The two officers and five other U.S. soldiers were inside a soft-skinned, tan-colored tent that served as a temporary "tactical command post" on an Afghan army base known as Old Corps Headquarters. Their task was to coordinate a security plan for the three-day peace conference at nearby Mandigak Palace. Their body armor was stacked in one corner, their weapons in another.
Their partners that day included liaison officers from Afghan security services, including the national intelligence agency and the army. The four liaisons excused themselves for the night and left the compound shortly before the attack. They had been working inside the tent and would have been in the line of fire had they stayed.
The Army investigator called this circumstance "worth noting," but he established no proof of complicity by the Afghan security officers.
An Afghan investigation concluded that only one soldier, a sergeant identified as Enayut (Afghans often use just one name) fired on the Americans, according to a summary of the probe, while the U.S. Army concluded there were two shooters.
Several U.S. soldiers recalled noticing two, possibly three, Afghans enter the compound about 9 p.m. They stood out because they were armed with one rocket-propelled grenade and at least one M16 rifle. At least one was wearing an Afghan army uniform, the report said. No one questioned them, since there was no screening requirement in place.
"They just walked in like they owned the place," a U.S. sentry at the compound's barricaded entrance told investigators afterward. Like others, his name was blacked out of the report.
In the moments that followed, hints of trouble were obscured by the appearance of normalcy.
At 9:02 p.m., just a few minutes after taking up his guard position at the front entrance of the command post tent, Spc. Paul A. LeVan was told he was being repositioned to a guard tower overlooking the compound. He was not replaced at the tent. There was no explanation as to why.
LeVan's sergeant led him to the empty guard tower, where, as a standard precaution, they discussed the locations of friendly forces in LeVan's line of fire. He was armed with an M249 light machine gun.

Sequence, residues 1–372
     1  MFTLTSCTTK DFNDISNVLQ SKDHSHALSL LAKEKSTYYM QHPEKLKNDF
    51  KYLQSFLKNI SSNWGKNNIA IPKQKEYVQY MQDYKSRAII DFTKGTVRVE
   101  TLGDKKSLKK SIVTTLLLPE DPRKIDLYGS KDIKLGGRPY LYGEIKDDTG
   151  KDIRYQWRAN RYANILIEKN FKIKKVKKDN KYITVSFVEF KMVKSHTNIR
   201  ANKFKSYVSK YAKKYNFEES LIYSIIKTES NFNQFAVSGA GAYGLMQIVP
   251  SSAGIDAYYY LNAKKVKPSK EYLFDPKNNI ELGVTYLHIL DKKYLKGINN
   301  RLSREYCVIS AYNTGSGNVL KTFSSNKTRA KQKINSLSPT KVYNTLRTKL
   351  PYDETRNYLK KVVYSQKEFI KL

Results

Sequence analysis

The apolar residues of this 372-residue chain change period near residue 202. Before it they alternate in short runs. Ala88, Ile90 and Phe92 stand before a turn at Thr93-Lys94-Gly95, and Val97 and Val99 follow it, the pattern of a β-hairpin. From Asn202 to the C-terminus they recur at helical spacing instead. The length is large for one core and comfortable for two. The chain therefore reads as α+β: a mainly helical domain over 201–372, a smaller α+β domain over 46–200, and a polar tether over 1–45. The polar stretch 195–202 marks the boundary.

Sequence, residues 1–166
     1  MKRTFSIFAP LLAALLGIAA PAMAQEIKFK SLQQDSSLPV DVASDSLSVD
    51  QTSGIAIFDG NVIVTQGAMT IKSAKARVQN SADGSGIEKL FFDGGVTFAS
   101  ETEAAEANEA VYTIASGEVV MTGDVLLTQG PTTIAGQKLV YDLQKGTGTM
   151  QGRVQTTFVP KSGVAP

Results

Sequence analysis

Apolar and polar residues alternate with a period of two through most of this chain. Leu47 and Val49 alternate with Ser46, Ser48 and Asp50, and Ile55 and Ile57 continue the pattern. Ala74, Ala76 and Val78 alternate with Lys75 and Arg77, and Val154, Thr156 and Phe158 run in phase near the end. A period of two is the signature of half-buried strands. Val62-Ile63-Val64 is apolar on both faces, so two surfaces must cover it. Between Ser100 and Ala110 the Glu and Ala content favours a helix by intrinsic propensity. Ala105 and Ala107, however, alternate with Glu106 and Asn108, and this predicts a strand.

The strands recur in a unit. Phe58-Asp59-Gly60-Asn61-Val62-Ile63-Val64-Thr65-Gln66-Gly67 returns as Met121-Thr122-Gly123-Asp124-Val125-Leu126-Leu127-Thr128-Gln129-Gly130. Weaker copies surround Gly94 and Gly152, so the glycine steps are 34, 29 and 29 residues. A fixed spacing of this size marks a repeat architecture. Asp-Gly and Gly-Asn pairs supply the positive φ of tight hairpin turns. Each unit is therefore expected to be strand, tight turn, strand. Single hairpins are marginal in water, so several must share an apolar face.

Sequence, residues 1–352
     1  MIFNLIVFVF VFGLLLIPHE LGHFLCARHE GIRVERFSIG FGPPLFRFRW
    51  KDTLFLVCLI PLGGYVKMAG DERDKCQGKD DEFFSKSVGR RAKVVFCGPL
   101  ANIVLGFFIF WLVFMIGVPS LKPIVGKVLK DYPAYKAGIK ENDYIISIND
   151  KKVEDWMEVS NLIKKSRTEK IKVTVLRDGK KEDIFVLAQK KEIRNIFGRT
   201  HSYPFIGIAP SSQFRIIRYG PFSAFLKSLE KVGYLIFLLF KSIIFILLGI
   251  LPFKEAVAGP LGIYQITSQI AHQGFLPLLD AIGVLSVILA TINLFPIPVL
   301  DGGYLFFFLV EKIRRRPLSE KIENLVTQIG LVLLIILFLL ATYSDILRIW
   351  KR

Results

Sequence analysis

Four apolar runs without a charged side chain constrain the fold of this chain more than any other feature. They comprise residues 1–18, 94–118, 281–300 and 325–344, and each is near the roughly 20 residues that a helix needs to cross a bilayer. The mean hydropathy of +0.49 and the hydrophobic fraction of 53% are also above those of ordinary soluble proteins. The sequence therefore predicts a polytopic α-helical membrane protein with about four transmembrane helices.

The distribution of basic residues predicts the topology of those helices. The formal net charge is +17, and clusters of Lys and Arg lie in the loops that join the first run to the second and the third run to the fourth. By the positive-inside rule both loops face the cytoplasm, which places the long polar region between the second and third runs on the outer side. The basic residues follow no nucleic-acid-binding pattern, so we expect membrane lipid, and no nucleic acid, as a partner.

Soon, two of the Afghans who had entered the compound at 9 p.m. joined them in the tower. One was in military garb and, rather curiously, armed with a grenade launcher and one grenade. The other was unarmed and spoke English. LeVan's sergeant then left the tower and, upon entering the command tent, mentioned the grenade launcher to those inside, including an enlisted soldier who recalled later that the weapon seemed "out of the ordinary."
"But since (Afghan soldiers) were allowed to carry RPGs (rocket-propelled grenades), we did not give it much thought," the enlisted soldier, whose name was blacked out of the report, told investigators.
Another unidentified soldier said in the report that he, too, noticed the RPG and thought it "seemed reckless" to permit it inside the compound.
In his final report, the Army investigator found it curious that neither LeVan nor his sergeant challenged or questioned the two Afghans about "why a tower guard would have an RPG and no rifle."
LeVan, 21 at the time and a member of the 209th Military Police Company, said he assumed the Afghans were a properly assigned guard and his interpreter, although he noticed that the armed Afghan was avoiding eye contact and closely tracking movements inside the compound. LeVan shook hands with both men, but the veneer of friendliness soon vanished.
"I had a gut feeling that something was out of place," he told the AP in a telephone interview. He was the only American to witness the attack from start to finish.
Suddenly and without explanation the Afghans descended from the tower.
"I got nervous, so I kept a very close eye on the two men," LeVan told an Army investigator two days later.